• The San Juan Daily Star

As hearings resume, retired judges maintain opposition to debt adjustment plan


By The Star Staff


The Retired Judges Association (APJ by its Spanish initials) and labor unions continued on Thursday to object to the debt adjustment plan, whose evaluation in confirmation hearings is slated to continue today.


The judges said there are three matters that directly and impermissibly affect active judges: a reduction in pensions, an elimination of Cost of Living Adjustments (COLA) and the so-called “freeze.”


“Each, under the analysis below, runs afoul of U.S. Constitutional, Puerto Rico Constitutional and existing federal and Puerto Rico law,” the judges said. “Before reaching the reasoning that the APJ has set forth earlier in various pleadings, motions and at the Stay hearing, it is fair to point out that one of the three issues may be resolved. Law 53, in Section 104, prohibits the reduction of month benefits. The Court has accepted this Law and it appears the matter is resolved. But this issue has been a moving target for some time and the APJ must be clear that it opposes any such adjustment if some upcoming move by the Oversight Board threatens this arrangement.”


That said, the objection focuses on any potential COLA modification or elimination and the freeze. It seems unassailable that changing the COLA must be considered part of judicial compensation and, therefore, falls squarely under the ambit of Section 104 of Law 53, the judges said.


“Any attempt to construe COLA in a contrary fashion would violate basic statutory construction of the Law,” they said. “The freeze can have an even more devastating effect on many of the active judges. In various ways and fora, the APJ has repeatedly shown the Oversight Board how this could deprive certain groups of active judges the lion’s share of their respective pensions.”


The most recent iteration of the plan, filed on the eve of this past Monday’s opening confirmation hearing, made no further change to the treatment of Employee Retirement System (ERS) participants.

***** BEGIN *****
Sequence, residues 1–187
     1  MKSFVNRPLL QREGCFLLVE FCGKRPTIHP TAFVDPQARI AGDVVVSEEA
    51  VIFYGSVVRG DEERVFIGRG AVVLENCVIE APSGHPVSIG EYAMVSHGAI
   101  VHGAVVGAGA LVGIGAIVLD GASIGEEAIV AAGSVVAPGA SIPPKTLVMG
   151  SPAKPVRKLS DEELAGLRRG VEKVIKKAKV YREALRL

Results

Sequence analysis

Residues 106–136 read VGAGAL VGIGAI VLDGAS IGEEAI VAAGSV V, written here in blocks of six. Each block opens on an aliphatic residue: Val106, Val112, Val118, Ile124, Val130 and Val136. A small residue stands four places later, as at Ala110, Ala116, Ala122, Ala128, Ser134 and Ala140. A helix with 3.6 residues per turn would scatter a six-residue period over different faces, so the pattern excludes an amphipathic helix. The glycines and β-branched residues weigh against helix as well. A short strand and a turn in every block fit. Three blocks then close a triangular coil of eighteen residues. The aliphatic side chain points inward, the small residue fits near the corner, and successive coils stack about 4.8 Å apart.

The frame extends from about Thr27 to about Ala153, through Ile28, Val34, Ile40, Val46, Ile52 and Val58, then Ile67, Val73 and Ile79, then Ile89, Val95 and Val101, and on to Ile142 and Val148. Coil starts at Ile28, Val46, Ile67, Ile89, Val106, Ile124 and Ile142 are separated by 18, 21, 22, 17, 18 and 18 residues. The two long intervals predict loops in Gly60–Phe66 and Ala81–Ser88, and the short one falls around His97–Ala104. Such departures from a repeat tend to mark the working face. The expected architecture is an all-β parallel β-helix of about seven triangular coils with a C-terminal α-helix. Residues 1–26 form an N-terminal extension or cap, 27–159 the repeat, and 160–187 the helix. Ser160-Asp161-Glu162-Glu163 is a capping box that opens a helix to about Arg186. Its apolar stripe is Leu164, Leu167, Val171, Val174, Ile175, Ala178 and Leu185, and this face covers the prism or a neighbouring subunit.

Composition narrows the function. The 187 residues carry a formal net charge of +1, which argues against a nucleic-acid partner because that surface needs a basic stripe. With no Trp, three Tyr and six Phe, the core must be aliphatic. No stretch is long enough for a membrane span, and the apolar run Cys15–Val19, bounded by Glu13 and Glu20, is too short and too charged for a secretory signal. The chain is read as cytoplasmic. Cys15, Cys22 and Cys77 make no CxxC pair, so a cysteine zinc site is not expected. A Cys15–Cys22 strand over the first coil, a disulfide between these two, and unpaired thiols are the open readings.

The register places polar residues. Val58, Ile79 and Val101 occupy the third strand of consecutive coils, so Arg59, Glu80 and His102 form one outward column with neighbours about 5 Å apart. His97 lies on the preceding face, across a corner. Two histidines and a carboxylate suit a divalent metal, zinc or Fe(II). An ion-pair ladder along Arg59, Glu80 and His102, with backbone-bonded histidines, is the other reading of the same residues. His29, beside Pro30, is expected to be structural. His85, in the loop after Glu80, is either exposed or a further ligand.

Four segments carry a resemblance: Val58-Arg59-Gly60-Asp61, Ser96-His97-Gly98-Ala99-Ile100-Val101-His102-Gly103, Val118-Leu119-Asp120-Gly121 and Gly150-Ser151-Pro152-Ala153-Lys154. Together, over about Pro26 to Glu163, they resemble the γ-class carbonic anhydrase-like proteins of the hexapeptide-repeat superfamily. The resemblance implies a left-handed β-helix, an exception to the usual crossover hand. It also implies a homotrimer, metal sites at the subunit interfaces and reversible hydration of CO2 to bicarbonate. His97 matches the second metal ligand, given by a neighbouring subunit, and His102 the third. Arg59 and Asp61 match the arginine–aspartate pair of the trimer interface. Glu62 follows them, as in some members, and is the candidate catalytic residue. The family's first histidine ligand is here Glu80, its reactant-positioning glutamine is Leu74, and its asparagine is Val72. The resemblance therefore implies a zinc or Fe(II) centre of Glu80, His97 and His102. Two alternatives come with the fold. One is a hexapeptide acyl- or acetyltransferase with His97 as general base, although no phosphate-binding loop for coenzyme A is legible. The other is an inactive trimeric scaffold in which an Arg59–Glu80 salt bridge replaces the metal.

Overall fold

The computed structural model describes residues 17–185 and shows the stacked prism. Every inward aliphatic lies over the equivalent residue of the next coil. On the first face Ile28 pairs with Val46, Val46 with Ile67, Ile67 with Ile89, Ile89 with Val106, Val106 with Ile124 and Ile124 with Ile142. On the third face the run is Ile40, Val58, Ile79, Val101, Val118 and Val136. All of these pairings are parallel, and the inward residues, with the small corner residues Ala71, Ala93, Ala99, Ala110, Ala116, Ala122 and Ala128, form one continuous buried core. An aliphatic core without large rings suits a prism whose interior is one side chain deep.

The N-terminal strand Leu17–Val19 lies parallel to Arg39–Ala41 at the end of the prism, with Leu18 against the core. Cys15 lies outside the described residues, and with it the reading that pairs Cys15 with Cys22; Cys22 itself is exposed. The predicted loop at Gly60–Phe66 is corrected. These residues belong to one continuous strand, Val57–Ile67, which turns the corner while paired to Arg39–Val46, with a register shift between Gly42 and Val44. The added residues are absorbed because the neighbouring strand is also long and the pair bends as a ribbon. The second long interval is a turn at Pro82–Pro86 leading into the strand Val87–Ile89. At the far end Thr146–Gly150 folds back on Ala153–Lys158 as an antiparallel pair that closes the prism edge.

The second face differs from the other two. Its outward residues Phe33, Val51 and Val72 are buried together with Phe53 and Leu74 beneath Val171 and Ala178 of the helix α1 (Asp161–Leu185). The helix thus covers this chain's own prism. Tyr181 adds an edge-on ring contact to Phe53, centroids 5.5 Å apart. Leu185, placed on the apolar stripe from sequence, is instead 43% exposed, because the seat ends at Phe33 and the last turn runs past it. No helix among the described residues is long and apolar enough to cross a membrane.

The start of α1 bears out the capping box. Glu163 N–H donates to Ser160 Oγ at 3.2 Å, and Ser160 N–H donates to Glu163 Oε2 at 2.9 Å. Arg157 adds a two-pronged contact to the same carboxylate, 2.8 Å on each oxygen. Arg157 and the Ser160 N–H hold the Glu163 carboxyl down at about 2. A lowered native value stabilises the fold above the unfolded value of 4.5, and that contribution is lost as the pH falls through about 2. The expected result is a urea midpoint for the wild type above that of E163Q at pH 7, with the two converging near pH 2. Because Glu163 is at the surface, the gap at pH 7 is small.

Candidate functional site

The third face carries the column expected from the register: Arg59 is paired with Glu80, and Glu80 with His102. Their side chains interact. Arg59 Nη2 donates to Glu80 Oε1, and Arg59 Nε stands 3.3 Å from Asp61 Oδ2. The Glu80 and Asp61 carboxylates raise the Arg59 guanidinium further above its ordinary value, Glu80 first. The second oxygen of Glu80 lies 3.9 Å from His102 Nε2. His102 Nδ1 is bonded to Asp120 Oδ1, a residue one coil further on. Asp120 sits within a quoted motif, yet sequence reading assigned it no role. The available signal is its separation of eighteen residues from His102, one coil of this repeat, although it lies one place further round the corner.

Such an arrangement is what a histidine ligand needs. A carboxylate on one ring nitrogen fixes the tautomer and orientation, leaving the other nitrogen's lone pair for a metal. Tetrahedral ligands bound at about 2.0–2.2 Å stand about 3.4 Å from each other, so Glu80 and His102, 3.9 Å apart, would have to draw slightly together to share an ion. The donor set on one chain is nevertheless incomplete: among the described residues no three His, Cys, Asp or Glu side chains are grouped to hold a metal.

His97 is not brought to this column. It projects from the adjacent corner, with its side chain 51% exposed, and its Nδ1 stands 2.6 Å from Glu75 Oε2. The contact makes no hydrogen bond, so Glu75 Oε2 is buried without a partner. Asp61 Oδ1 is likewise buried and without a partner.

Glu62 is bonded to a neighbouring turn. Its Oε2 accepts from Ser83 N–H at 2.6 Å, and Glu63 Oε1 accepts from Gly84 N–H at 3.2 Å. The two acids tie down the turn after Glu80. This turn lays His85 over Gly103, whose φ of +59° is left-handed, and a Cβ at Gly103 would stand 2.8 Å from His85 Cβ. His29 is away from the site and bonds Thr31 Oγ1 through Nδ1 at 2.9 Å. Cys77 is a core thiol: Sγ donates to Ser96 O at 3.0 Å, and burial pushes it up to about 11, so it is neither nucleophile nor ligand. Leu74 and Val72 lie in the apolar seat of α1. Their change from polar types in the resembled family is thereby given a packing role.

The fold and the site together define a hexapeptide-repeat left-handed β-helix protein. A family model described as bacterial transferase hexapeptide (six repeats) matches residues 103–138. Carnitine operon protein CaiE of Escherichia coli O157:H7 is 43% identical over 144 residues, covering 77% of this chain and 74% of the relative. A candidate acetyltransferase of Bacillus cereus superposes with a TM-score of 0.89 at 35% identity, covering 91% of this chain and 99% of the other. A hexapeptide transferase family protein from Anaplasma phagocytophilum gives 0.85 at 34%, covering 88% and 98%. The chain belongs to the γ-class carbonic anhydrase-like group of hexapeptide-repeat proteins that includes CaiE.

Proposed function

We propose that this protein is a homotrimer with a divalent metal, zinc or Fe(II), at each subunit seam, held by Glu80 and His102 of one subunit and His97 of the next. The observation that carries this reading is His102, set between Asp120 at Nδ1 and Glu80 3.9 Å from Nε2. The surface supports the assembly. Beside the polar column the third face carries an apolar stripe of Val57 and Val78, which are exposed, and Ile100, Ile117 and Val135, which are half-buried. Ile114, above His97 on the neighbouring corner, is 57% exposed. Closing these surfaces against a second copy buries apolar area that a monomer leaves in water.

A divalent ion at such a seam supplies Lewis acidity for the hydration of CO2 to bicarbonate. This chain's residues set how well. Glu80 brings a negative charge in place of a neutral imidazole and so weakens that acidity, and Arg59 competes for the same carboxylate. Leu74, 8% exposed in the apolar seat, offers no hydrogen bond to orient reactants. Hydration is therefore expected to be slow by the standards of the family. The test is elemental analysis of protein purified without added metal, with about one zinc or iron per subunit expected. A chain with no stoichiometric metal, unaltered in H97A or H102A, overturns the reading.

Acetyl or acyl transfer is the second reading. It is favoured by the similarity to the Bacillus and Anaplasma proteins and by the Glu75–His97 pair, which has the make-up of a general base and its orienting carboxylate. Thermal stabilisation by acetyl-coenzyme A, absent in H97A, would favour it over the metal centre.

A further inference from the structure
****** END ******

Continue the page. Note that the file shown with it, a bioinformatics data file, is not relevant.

The 7th Amended POA, filed July 30, 2021, contained a Monthly Benefit Modification (MBM) that would have reduced payments to ERS pension creditors whose monthly benefit exceeded $1,500. The plan put ERS participants into three classes: Class 51A for ERS retirees below the MBM threshold, Class 51D for ERS retirees above the MBM threshold, and Class 51G for ERS participants still employed by the commonwealth, said several unions, the International Union, United Automobile, Aerospace and Agricultural Implement Workers of America (UAW) and Service Employees International Union (SEIU).


In its treatment of ERS participants, the 7th Amended POA said nothing about a broad restriction on the commonwealth in any way increasing DB payments in the future. Nor did the Disclosure Statement, nor did the next iteration of the plan of adjustment (POA), the Nov. 3, 2021 Eighth Amended Title III Joint Plan of Adjustment of the Commonwealth of Puerto Rico.


The 8th Amended POA provided in relevant part that ERS participants “shall be entitled to receive … his or her benefits without adjustment for any Monthly Benefit Modification, but subject to the elimination of any cost of living adjustments from and after the Effective Date.” The 8th Amended POA thus provided a floor for ERS participants, eliminating the MBM pension cuts and guaranteeing that ERS participants would receive no less than what they were currently entitled to receive under Puerto Rico law. However, except for the ban on COLAs, the 8th Amended POA set no restrictions on any other future increases to the DB pension payments to ERS participants,” the unions said.